Ants vs Bees (1)
Announcer: From the brains behind Brains On, it's Smash Boom Best.
: The show for people with big opinions.
Molly Bloom: Hi, I'm Molly Bloom, and this is Smash Boom Best, the show where we take two things, smash them together, and ask you to decide which one is best. Today, one's in the sky, one's underground, one makes a buzz, the other, not a sound. It's all-out bug brawl between two of nature's most innovative insects, ants versus bees. Which little creature is the biggest deal? Here to decide is our judge, Asenat. Hi, Asenat!
Molly: Asenat, I hope you're not afraid of insects because we're going to be hearing a lot about them today. I'm wondering, do you find insects generally fascinating, maybe a little freaky.
Asenat: They're a little intriguing, personally. There are some insects I do not like, I don't like spiders, I don't like anything that's slimy, typically, slugs and snails seem really gross to me. I think I've might have a phobia of them.
Molly: Well, it's a good thing that we're not talking about the ones that you're a little afraid of. Today, we're talking ants and bees. I'm curious, what words come to mind when you think of ants?
Asenat: I've heard they're really hard workers. I heard a lot about their teamwork. They're really tiny, but also really big in terms of how they collectively become one whole.
Molly: I love that big picture thinking. What about bees?
Asenat: I think they're misunderstood, to be honest.
Molly: You are a debater yourself, what do you like about debating?
Asenat: I like that you get to express yourself and your ideas, whether it's ideologically, whether it's through presenting your persuasiveness in forms of logos, ethos, or pathos.
Molly: Can you tell us about logos, ethos, and pathos are?
Asenat: They're debate, not debate styles, but sort of styles in which you persuade your audience. Logos is the logic, ethos is the ethics, and pathos is emotions.
Molly: That's great. You're going to be a perfect judge for our debate today. Do you have any tips for our debaters?
Asenat: The argument you like best is the one you're going to know the most, so just stick with your gut feeling and just stick with that argument. There's always a way to debate it out and there's always a way to win with that argument.
Molly: Excellent. We have an honest, unbiased judge here today for our ants versus bees debate. I think it is time to introduce our debaters. Standing up for the little guy always on the go, careful you don't step on him, it's Tim Barnes for Team Ant. Hi, Tim.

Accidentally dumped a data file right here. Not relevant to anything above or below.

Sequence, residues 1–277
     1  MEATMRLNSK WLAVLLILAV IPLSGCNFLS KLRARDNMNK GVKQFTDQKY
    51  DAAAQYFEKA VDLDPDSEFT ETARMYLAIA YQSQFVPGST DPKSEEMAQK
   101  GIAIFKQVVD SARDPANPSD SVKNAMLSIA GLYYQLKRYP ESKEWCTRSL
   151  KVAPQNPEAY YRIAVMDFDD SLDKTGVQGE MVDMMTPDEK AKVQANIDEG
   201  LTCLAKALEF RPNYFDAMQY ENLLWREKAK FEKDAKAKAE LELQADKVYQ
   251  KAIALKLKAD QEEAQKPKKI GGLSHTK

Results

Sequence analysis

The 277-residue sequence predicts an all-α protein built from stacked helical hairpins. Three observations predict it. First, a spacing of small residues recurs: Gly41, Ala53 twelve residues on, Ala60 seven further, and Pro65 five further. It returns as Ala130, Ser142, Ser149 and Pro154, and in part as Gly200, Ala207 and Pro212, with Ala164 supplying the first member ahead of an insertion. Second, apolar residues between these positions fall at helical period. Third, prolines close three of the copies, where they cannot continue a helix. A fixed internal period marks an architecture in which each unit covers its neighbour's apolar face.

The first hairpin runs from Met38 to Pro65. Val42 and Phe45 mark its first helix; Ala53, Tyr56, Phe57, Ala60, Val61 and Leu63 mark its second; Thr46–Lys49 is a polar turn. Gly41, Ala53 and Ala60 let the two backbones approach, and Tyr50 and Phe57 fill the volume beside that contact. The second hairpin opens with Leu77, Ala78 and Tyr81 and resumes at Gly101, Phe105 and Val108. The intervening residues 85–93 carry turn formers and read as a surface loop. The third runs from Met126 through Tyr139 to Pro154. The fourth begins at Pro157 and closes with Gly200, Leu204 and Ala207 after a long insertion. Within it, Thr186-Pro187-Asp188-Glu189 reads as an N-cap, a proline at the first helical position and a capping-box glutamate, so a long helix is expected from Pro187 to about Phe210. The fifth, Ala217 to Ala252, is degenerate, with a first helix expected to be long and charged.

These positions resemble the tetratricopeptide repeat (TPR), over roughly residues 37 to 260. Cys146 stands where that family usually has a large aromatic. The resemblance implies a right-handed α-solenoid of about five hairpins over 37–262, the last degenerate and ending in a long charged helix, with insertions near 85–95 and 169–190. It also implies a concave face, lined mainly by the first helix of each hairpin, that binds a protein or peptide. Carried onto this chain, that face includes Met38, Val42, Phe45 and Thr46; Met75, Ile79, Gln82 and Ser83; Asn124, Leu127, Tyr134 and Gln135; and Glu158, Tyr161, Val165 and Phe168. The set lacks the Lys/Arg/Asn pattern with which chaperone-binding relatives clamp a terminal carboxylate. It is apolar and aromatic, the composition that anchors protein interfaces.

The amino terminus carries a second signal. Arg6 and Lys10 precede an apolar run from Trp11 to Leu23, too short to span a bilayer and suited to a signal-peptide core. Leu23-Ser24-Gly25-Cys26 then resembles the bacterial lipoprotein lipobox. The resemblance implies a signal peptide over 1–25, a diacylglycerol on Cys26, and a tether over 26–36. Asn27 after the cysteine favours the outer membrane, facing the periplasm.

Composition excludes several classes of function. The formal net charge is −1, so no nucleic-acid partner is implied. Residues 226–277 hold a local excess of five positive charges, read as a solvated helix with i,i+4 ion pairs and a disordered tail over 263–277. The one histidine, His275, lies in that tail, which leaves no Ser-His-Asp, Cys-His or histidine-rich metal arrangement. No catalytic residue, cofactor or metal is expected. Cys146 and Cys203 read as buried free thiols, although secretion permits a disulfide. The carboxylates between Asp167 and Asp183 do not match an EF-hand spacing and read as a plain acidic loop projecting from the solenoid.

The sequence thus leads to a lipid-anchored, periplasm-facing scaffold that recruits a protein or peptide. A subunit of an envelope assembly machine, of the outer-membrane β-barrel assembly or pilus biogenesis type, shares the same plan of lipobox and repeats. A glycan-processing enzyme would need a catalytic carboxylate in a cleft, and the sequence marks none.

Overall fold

Tim Barnes: (laughs) How's it going? Happy to be here.
Molly: Tim, in one sentence, why are ants the ultimate insect?
Tim: Ants are the ultimate insect because they're stronger than they look and unlike bees, don't need wings and stripes to be cool.
Molly: Very good. Our next debater, he's buzzing with bravado, a friend to the flowers, watch out or he'll sting you. It's Ian Abramson for Team Bee. Hi, Ian.
Ian Abramson: Hello.
Molly: Ian, give us your take on why bees are the better bug in one sentence.
Ian: I'll give it to you in five words, ants take, but bees make.
Molly: Concise and to the point. These are going to be some big arguments for tiny creatures today, but remember, it all comes down to Asenat's opinion. Win her over, and you win the match. Tim and Ian, how're you feeling going into it?
Tim: I'm ready for this. I already beat Ian's argument, ants make things too.
Ian: Well, ants also have wings, you beat your own argument.
Tim: A few ants do, it's not common, most ants don't.
Ian: Some ants make things not all ants, most ants don't.
Molly: Okay. Here's how our debate will go down. The first round is the declaration of greatness. Ian and Tim give us the best facts, figures, and stories about their side. Then their opponent gets a thirty second rebuttal to push back. Round Two is the micro round. This is a creative challenge that both sides prepared for in advance. Next, round three, the sneak attack. We give both sides a surprise format to debate in, they'll need their wits to win this one. Then, round four, the final six. That's when our debaters make their last argument in just six words.
Asenat will be giving out points along the way, but she'll keep her score a secret until the very end. Listeners, we want you to judge too. If you'd like to keep score on an official scorecard, you can download one on our website at smashboom.org or just make your own. Asenat, are you ready for the facts to start flying?
Asenat: I am more than ready.
Molly: Perfect. Let's go.
Announcer: Declaration of Greatness
Molly: Asenat, you have two points to award this round, one for the best declaration and one for the fiercest rebuttal. We flipped a coin and Tim, you're up first. Get us amped up about ants.
Tim: Ants. They're all over. You can find ant colonies on every continent except for Antarctica - which is weird because it literally has “ant” in the name. Can't really make an ant hill out of ice, I guess. Wherever you find ‘em, they're always moving, always busy. Makes you wonder -- what's it like in their world? Maybe like this…
Narrator: It was a glorious, busy day in the ant farm, but the only thing that was wrong was that there was no food. The queen of all ants made an announcement and said…
Queen: I can not and shall not tolerate one minute without food.
Narrator: So the queen called up my partner and I, the two scientific ants, and told us to go into the house of doom… where there are giants and strange creatures.
Queen: You two. Fetch food - I command thee!